...precisely record infinite detail.K. Praslowicz
Above is a line from one of the closing essays in Joel Sternfeld’s American Prospects photo book written by Anne W. Tucker. While the actual statement of “infinite detail” may be a bit far fetched, there is tons more in an 8×10 negative than most photographers are probably used to. Lets just keep this in mind while I ramble on for a bit.
Gresham, OR, June 1979
Recently I was thumbing though the Steidl edition of Joel Sternfeld’s American Prospects. I’ve been though this book dozens of times in the past, and as it has happened before with this book, I noticed one of those subtle little details that completely changes the way I look at a particular photo. This time it happened with the photograph titled Gresham, Oregon, June 1979. Searching for this image online turns up a disappointing set of results. Here is the largest version I was able to track down.
Not much use to illustrate the detail, so onto my scanner goes the book.
There we go. Seems that there is a woman breastfeeding a baby behind that U-Haul. So now that you’ll never be able to not notice that detail, lets move on.
Squandering the “Infinite Detail”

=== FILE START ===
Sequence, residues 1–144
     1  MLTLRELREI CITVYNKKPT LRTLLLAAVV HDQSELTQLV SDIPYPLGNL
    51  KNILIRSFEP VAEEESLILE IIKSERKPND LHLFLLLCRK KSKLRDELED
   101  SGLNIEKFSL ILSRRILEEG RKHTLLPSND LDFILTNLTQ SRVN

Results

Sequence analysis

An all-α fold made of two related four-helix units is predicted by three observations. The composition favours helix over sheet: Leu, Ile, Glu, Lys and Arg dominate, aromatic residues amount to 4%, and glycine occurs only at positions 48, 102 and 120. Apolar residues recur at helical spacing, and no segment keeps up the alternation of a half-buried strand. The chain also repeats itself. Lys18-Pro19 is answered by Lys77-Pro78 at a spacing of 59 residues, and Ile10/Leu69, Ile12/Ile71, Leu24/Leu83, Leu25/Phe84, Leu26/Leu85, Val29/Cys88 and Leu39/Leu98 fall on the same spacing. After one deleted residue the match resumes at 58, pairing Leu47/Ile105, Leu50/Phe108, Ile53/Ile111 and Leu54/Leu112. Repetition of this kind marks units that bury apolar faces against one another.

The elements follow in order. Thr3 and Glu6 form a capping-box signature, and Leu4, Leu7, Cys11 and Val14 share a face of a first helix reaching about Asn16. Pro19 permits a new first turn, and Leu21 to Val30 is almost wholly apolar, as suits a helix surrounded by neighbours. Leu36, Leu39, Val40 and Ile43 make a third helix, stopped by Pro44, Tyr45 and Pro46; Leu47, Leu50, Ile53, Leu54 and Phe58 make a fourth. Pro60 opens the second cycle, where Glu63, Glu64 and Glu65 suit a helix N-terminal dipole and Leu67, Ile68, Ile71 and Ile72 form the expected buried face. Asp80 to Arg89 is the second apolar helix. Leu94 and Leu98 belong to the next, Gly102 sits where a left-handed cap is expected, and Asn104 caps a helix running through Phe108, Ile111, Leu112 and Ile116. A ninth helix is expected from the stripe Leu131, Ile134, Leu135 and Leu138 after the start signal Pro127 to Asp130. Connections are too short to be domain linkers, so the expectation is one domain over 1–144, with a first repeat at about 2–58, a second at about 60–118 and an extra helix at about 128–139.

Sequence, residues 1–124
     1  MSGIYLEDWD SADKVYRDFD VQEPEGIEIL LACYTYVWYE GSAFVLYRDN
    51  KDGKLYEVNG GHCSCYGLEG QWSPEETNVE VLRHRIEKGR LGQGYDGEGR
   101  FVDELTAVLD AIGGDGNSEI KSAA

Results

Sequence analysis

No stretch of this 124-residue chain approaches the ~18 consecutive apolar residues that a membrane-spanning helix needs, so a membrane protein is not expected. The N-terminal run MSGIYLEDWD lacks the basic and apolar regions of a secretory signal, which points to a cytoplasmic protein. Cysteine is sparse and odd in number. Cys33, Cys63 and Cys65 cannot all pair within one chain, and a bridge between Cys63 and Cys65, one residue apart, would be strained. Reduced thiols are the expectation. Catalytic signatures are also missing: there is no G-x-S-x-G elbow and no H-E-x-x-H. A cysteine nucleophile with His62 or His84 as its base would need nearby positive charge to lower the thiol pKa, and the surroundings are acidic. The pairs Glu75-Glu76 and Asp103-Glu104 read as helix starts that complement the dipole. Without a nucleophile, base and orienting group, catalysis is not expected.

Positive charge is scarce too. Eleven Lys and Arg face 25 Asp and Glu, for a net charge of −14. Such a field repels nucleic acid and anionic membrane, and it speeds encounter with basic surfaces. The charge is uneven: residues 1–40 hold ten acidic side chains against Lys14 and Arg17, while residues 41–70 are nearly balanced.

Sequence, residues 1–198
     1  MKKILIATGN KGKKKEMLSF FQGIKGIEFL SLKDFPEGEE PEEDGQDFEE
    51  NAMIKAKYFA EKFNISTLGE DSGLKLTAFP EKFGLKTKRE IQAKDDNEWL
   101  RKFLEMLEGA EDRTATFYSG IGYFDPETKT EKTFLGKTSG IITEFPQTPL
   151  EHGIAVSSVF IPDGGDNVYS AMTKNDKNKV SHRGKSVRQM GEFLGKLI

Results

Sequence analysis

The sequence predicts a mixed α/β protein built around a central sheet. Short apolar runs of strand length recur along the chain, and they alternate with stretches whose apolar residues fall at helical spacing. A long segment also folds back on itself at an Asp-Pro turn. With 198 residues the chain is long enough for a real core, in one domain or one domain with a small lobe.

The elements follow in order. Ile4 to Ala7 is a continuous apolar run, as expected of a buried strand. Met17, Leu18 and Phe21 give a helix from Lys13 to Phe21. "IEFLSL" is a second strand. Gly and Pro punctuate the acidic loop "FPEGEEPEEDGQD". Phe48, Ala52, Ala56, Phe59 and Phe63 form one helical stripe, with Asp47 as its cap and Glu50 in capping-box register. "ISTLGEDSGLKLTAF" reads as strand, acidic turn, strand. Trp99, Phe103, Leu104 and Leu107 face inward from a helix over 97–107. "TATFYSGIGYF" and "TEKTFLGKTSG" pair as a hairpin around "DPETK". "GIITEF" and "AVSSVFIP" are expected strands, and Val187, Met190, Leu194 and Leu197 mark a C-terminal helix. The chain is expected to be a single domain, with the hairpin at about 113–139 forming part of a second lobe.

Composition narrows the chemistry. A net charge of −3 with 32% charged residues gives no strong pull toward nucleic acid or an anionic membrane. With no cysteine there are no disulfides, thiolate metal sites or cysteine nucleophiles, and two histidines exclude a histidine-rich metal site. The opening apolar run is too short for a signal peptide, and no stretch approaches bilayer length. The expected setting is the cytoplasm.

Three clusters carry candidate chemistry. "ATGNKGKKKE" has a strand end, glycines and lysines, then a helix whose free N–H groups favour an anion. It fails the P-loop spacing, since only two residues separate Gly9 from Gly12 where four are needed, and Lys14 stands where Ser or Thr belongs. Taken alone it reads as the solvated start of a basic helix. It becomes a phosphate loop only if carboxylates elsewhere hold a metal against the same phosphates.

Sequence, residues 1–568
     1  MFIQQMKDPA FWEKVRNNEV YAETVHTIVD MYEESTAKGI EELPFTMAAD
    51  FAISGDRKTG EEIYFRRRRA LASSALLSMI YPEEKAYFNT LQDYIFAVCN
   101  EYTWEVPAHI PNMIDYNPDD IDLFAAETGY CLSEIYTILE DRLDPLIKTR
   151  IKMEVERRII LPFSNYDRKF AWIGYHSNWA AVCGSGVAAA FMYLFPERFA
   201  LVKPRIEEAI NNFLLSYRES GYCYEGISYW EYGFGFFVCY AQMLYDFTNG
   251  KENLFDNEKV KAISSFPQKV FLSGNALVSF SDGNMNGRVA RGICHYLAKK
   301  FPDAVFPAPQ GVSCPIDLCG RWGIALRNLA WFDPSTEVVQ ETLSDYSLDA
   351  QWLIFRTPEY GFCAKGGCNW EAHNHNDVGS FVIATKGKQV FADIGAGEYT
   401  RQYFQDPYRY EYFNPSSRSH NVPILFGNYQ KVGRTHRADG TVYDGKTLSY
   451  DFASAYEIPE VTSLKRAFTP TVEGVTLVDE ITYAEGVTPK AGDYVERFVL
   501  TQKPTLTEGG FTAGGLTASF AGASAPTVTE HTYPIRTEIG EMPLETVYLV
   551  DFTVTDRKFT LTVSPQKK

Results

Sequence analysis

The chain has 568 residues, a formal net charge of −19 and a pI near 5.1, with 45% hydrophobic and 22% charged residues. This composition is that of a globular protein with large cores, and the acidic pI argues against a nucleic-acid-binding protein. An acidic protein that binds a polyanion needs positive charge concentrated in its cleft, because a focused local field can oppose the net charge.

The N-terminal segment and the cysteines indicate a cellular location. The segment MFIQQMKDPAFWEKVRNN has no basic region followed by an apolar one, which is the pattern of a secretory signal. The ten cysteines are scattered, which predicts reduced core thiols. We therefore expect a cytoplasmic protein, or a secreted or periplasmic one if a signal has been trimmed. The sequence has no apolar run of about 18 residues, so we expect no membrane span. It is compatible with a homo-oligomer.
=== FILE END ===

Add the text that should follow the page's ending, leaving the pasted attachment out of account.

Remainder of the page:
Ever since I started shooting 8×10 in 2012, I’ve had this thought rattling around in my head that all the advances in digital photography has actually created one of the best environments to be shooting large format film as well.
Back when American Prospects was created, how could Joel have utilized that infinite detail? Well, he’d get a really big print made. To do that with analog technology required a very large enlarger, in a very large darkroom. Then that very big print needs to be on a very big wall for people to walk by and look at.
I feel like I got it super easy in comparison today. One scanner no larger than a toaster oven and the ability to crop out all the glorious subtitles and details for screen viewing via Photoshop. No giant room. I can keep my lights on. And can enjoy a drink without worrying about accidentally taking a sip of hypoclear. Times are good. Though the thing is, I’ve only been posting my photographs at a mere 18 megapixels. So, with the launching of my Watershed gallery, I’m going to put this power to good use. You will now be able to keep zooming in on the picture to analize all the little details.